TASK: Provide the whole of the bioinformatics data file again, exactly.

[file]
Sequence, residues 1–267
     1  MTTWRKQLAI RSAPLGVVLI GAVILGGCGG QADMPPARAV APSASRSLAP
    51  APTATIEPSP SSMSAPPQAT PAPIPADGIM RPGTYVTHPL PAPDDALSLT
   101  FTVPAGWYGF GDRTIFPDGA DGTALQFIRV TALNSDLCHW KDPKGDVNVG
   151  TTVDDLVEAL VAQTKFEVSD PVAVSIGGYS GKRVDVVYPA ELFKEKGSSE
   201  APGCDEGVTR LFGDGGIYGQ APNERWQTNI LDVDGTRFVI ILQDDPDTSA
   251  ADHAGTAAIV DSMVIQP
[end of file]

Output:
Sequence, residues 1–267
     1  MTTWRKQLAI RSAPLGVVLI GAVILGGCGG QADMPPARAV APSASRSLAP
    51  APTATIEPSP SSMSAPPQAT PAPIPADGIM RPGTYVTHPL PAPDDALSLT
   101  FTVPAGWYGF GDRTIFPDGA DGTALQFIRV TALNSDLCHW KDPKGDVNVG
   151  TTVDDLVEAL VAQTKFEVSD PVAVSIGGYS GKRVDVVYPA ELFKEKGSSE
   201  APGCDEGVTR LFGDGGIYGQ APNERWQTNI LDVDGTRFVI ILQDDPDTSA
   251  ADHAGTAAIV DSMVIQP